Hosted IVRs Bring Peace Of Mind

Article Featured Image

The numbers say it all. Next year, the premises-based inbound speech-enabled interactive voice response (IVR) sector is expected to decline by 5 percent, followed by a 10 percent drop in 2012. But the hosted sector should grow by 8 percent in both 2011 and 2012.

Those projections, provided by DMG Consulting, reflect what both analysts and vendors say is an obvious trend toward outsourcing enterprises’ IVR needs. Sales of premises-based IVR solutions slid by 8 percent between 2008 and 2009, while revenue from hosted/managed service applications grew by 6 percent and 13 percent, respectively, during the same period, the consulting firm says.

“There are many advantages to using a hosted vendor,” DMG President Donna Fluss explains, “including the fact that they don’t charge as much as their premises-based counterparts. In fact, one of the primary strategies for some hosted vendors is ‘whatever premises-based vendor X, Y, or Z charges, we’ll charge two-thirds less, sometimes even less than that.’ They can do that because they will reuse a lot of code, whereas premises-based vendors typically won’t.”

Indeed, the highly competitive nature of the hosted/managed service IVR market and the more than 95 vendors vying for customers put end users in a strong position to negotiate an outstanding deal, Fluss says. That pattern is expected to continue for at least a few years, she predicts.

Motivations Go Beyond Price

Price, however, isn’t the only reason that enterprises are turning to hosted IVR, a sector currently estimated at about $500 million a year that is expected to soar past $900 million by the end of 2015, says Daniel Hong, lead analyst for customer interaction at Ovum. Other motivations include:

• scalability;
• reliability;
• convenience;
• minimal up-front investment;
• leading-edge technologies;
• analytics and reporting capabilities; and
• IVR optimization services.

“Enterprises just seem to feel more comfortable outsourcing the technology and expertise needed to manage a speech application,” Hong says. That comfort level rises “when the enterprise doesn’t have the internal resources to effectively manage a speech solution; when it needs to introduce more features or functions but doesn’t have the budget; when its call campaigns are seasonal; and when the enterprise is looking to hosting providers for other elements of the contact center, namely routing and virtualization,” he notes.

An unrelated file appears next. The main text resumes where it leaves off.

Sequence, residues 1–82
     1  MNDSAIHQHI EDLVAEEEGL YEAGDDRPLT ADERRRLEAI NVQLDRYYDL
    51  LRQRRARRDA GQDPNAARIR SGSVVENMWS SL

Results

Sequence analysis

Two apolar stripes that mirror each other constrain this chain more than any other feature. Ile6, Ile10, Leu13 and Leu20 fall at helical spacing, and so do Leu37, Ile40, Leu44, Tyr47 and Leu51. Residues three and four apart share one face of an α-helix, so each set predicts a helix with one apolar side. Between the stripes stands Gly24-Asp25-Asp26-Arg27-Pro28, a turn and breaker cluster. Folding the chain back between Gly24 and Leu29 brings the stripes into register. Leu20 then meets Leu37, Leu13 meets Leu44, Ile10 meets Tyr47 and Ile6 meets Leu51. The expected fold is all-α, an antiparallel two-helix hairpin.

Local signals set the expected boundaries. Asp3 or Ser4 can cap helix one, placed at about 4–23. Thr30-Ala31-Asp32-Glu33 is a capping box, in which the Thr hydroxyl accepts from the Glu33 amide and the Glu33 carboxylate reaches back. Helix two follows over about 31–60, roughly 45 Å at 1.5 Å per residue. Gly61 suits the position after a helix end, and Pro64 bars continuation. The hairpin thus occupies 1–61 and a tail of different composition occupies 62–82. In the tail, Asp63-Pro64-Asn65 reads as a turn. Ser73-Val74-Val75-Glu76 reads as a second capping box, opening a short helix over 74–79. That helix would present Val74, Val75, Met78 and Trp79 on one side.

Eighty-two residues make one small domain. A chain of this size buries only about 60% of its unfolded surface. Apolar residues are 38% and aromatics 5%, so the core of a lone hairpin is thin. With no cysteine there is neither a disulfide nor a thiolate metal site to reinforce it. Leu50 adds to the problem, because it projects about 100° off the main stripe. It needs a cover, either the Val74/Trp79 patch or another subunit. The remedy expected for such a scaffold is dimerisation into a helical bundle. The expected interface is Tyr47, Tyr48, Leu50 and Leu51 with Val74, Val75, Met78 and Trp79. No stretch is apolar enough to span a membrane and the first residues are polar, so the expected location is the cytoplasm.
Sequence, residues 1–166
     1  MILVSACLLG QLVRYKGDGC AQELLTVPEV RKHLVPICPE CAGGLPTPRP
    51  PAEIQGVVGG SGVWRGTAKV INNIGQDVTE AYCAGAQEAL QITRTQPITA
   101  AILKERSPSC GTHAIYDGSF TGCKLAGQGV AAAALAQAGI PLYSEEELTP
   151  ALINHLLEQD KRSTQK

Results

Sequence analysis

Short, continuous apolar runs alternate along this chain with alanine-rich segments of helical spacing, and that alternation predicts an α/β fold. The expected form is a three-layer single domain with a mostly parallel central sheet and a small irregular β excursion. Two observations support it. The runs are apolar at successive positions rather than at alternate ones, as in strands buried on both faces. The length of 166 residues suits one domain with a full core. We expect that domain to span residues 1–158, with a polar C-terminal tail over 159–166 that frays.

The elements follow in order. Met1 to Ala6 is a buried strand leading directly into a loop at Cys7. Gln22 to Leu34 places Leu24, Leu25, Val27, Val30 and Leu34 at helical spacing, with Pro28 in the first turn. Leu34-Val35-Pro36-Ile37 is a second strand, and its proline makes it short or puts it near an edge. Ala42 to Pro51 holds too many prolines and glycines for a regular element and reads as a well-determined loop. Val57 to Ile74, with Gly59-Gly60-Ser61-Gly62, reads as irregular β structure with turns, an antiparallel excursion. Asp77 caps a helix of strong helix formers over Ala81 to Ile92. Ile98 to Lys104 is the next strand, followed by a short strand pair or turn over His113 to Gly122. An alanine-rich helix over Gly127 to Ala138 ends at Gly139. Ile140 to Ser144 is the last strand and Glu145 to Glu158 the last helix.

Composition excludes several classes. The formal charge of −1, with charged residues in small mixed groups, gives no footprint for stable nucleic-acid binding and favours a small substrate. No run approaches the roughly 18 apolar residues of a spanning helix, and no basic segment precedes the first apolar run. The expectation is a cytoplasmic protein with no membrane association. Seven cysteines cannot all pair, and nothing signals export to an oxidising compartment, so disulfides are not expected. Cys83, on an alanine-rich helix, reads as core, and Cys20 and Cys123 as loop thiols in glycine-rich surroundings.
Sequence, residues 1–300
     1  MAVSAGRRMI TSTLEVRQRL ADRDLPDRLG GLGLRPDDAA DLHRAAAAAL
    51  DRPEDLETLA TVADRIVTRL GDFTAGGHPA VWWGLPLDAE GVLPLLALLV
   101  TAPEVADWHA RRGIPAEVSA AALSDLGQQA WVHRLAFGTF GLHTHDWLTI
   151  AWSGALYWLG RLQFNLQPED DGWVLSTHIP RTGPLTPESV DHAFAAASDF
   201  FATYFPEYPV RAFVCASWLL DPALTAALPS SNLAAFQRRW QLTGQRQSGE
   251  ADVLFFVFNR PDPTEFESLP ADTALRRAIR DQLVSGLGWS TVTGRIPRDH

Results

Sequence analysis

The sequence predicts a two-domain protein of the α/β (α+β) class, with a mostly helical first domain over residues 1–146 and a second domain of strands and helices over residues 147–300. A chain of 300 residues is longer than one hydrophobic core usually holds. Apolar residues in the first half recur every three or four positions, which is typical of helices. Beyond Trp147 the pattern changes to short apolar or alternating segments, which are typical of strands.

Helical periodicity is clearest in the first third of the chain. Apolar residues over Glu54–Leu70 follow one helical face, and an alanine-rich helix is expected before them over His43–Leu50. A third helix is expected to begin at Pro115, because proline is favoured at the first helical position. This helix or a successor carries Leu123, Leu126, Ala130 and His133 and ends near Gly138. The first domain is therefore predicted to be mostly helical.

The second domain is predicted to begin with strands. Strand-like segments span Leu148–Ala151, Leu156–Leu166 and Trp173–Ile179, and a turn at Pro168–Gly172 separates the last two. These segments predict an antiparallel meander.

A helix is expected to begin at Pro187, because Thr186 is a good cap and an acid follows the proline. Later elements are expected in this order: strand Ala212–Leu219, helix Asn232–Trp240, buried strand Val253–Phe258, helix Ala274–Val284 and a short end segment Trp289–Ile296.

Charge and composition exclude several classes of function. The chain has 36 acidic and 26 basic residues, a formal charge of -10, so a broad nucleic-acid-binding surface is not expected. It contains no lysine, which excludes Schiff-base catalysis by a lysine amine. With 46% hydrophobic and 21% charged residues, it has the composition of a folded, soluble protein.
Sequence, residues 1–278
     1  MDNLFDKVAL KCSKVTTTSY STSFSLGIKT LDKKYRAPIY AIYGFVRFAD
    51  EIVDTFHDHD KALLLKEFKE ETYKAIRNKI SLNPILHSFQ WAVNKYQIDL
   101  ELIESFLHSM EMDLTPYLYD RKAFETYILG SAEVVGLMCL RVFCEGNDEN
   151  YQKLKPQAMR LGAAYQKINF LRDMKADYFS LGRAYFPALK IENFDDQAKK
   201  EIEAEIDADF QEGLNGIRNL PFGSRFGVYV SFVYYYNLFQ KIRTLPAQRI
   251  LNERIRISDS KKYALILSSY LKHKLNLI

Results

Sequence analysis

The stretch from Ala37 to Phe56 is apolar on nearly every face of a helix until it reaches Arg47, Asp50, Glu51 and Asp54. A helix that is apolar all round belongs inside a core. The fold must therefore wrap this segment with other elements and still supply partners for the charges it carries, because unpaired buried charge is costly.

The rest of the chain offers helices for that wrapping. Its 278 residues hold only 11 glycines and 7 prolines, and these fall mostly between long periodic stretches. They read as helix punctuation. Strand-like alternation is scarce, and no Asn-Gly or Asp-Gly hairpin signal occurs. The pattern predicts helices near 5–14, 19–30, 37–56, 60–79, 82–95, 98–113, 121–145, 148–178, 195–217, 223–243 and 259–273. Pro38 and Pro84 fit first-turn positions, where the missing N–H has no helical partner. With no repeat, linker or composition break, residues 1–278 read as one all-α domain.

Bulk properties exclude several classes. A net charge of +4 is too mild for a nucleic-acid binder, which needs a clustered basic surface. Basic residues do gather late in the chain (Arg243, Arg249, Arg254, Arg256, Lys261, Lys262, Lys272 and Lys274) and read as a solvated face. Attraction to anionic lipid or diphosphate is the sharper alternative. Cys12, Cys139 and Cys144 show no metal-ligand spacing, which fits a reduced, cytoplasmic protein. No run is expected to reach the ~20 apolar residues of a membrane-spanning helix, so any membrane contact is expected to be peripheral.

In addition, enterprises are delighted that hosted vendors frequently give them more attention than their internal IT staffs do. That point takes on greater importance if the corporation has gone through layoffs and one of its two IVR specialists has left, Fluss says.

“Hosted vendors only make a living when people access the IVR,” she explains. “The premises-based vendor makes a living when you sign an agreement with them. And so the hosted vendor is much more interested in getting you up and running as quickly as possible because it doesn’t make a living until its customers do. So they have actually geared their business model toward servicing their clients quickly and efficiently.”
Different Vendors, Different Benefits
Customers who intend to turn to a hosted IVR solution have discovered that various vendors seem to bring different perspectives about the services they provide. For example, Nuance Communications acquired BeVocal in 2007 and added features as well as rearchitected the company’s IVR solution.

“Since then, we have added a third data center, optimized for 100 percent availability, added PCI [Payment Card Industry Data Security Standard] level security, added a handset-based Mobile Care application service and an outbound solution, and evolved the hosted reporting system into an analytics offering that provides business-level users with actionable insight to make critical business decisions,” says Dena Skrbina, senior director of solutions marketing at Nuance.

She continues, “In response to customer demand, Nuance also added on-demand ACD [automatic call distribution] and CTI [computer telephony integration] to the hosted solution suite. So, today, Nuance On Demand provides inbound, outbound, and mobile customer service that differentiates a company from competition by delivering the best possible customer experience while saving millions of dollars every year.”

In The Cloud
Meanwhile, Microsoft Tellme doesn’t consider its solution a “hosted” one. “It’s really a cloud-based product,” says Grant Shirk, director of industry solutions. “There are many traditional hosting providers out there who will take your boxes or theirs and put them in a data center and host your application and hook up all the piping. But we find there are a lot of inefficiencies in that model. Instead, our customers use us as a platform-as-a-service play; they keep their application, their business logic, their customer data…all of that stays on their premises just as if we were a Web application. Ours is very much a Web app model.”

Because Tellme’s solution is cloud-based, “customers aren’t waiting for the next version, and they aren’t paying upgrade fees as part of the license,” Shirk adds. “They are getting the best of the platform for every call as we roll out improvements.”

One point of consensus: Before deciding between a hosted speech-enabled IVR system and on-premises solution, it is vital to perform a detailed return on investment, a cost analysis, and a needs analysis (see “The Anatomy Of A Decision”).

When Does On-Premises Get The Nod?

While the advantages of a hosted solution are considerable, does it always make sense to take that route? Would there ever be a situation in which hosting does not make sense or in which an on-premises solution would be cheaper over the long run?

“Absolutely,” Hong says. He cites a scenario in which a company plans to have the IVR for more than six years and “if the enterprise takes millions of calls each day and has the requisite skills set in house to manage a speech application and other functions, such as proactive communications, to really extend the value of the IVR platform.”